Tuesday 10 April 2012

I Loved My Prospectors

I just heard a rather distressing commercial on the radio. A wife was asking her husband why he was taking the long way to get where they are going. He replied that it was a beautiful day and this route was much more scenic. She gave him that wife ”Really?” reply and he said that this way had fewer stop signs and he was saving his brakes. She laughed at him and said “Did you just say that out loud?” The announcer then came on and flogged some brake place. I feel sorry for the guy.

Hell, I am that guy! There have been times when I have coasted to a stop light so that I would have minimal impact on the brakes. I’ve picked routes that have fewer lights and stop signs, but normally I tell myself that even though it may be a bit slower, I like the feeling of continual movement. That’s what the guy in the commercial should have said. I had a car once that cost $100 dollars and I used snowbanks to either slow me down or bring me to a complete stop. I have taken my bike or walked instead of driving. Of course, I told myself that it was for exercise, but you and I both know the truth. I think that the emergency brake on pretty much every car that I have owned has either seized or rusted out mainly due to never being used. I just don’t park on hills.

This carries through to a lot of aspects of my life. Shoes in particular. I will walk on the grass in order to keep from wearing the soles off of the shoes prematurely. It is also much easier on the feet walking on grass as opposed to concrete. Of course the added benefit as a letter carrier is that you would save time and get home earlier. Sure, some people would be pissed off, but grass grows and most people don’t like to be complainers.

When I was a letter carrier, I would wear shoes out on a regular basis and it would get a little costly. Don’t get me wrong, the Post Office would give us $150 every six months to buy boots and gloves, we called it the “Booze and Drug allowance”. There were a fair number of people that wouldn’t spend the money on footwear, but I figured that my working life was in my feet’s hands, as it were.

For the longest time I would buy hiking boots that not only had a good positive sole, but also gave ankle support. There was a fine line between buying the best pair of boots and buying a pair that would come in on budget and last the full six months. They should last more than that if at all possible. One year, I came upon a pair of boots that was about $50 dollars over the limit. They were Prospectors and had a good positive sole, great ankle support and were made of good leather. The best part was the guarantee, which said the boots were guaranteed for as long as you owned your feet. This company didn’t count on me. I wore a pair out every couple of years, and I would send them back to the company and they would return a brand new pair of Prospectors that would carry me on my route for another couple of years.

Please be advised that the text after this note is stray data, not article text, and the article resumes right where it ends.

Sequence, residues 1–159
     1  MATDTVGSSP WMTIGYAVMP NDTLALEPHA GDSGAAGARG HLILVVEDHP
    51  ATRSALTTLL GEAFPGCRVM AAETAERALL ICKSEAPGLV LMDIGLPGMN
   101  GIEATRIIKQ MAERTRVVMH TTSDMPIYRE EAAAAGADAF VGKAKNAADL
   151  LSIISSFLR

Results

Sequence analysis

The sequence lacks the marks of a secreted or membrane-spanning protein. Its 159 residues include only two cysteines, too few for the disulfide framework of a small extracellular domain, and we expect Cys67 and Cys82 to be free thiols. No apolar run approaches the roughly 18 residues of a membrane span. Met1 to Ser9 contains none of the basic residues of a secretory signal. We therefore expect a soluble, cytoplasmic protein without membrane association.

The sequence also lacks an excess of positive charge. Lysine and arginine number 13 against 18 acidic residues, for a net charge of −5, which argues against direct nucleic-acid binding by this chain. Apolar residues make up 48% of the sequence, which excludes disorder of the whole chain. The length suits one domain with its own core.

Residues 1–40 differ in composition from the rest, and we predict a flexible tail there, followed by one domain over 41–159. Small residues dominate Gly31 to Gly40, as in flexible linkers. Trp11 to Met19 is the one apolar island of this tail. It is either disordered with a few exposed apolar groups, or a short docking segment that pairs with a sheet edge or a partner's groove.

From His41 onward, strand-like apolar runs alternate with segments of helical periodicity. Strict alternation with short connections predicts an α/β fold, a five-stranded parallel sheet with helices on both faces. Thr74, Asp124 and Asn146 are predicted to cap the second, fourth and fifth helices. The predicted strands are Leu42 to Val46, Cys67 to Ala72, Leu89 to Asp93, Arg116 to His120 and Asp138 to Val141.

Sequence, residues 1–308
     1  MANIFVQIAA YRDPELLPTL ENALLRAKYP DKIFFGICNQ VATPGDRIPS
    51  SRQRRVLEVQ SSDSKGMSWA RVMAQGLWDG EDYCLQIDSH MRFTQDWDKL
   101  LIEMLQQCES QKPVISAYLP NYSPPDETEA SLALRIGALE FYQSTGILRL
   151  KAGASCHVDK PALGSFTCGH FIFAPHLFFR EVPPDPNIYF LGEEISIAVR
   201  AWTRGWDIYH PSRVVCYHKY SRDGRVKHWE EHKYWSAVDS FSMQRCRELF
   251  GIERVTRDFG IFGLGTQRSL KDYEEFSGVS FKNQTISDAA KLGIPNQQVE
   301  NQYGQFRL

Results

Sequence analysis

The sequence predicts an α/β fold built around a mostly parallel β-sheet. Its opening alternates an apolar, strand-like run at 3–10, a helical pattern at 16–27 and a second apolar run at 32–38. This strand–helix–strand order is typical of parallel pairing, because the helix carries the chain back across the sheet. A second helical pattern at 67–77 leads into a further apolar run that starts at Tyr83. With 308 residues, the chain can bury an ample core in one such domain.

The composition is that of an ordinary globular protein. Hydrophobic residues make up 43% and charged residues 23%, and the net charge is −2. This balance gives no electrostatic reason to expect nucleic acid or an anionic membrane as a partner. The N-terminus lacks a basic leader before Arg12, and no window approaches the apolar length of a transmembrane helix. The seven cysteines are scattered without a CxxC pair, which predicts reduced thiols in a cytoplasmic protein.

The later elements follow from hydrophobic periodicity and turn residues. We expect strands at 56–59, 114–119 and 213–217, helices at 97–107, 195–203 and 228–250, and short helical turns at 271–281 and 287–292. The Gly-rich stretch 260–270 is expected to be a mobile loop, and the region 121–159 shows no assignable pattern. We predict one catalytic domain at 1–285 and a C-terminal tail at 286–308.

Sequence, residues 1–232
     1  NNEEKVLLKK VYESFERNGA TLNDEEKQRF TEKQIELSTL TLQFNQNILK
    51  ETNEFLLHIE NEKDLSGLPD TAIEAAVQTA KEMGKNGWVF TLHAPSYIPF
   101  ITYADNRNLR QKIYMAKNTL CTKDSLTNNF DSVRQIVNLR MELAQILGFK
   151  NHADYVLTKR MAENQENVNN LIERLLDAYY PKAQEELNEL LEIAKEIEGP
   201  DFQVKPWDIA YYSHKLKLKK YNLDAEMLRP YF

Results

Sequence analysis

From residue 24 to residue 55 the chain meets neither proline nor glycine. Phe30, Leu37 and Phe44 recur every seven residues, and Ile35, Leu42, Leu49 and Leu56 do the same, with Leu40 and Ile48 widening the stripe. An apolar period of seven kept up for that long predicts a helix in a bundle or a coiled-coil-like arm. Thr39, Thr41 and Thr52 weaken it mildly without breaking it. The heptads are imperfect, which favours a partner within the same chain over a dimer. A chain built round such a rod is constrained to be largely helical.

I sent the boots back six or seven times and on the last time I was sent a pair of boots and a note. The note said that the company was leaving the country and could no longer honour the guarantee, and if I would send them $50 for this last pair everything would be cool. Send them $50? I don’t think so! I wasn’t as outraged as I could have been, because I did get to pocket about $200 bucks a year for the past 12 or so years. I figure that the Prospector shoe company and I were even.

The gloves? The first year in the post office I bought a pair of gloves, after that I would pick up gloves that people dropped in the parking lots, sidewalks and on the way to school, send them to the wash and if they made the warmth cut, they would become part of my winter attire. They didn’t match of course, but you needed a warmer glove on the carrying hand than you did on the delivering hand anyways. Sometimes one was pink and the other blue, but my hands were always warm and it didn’t cost a penny.

Life is like a carton of milk. Some people pour the last of the milk out and then either toss the carton or recycle it. I pour the last of the milk out and then stand the carton on end until the very last drop comes out. Make sure that you get every last drop out of your life.

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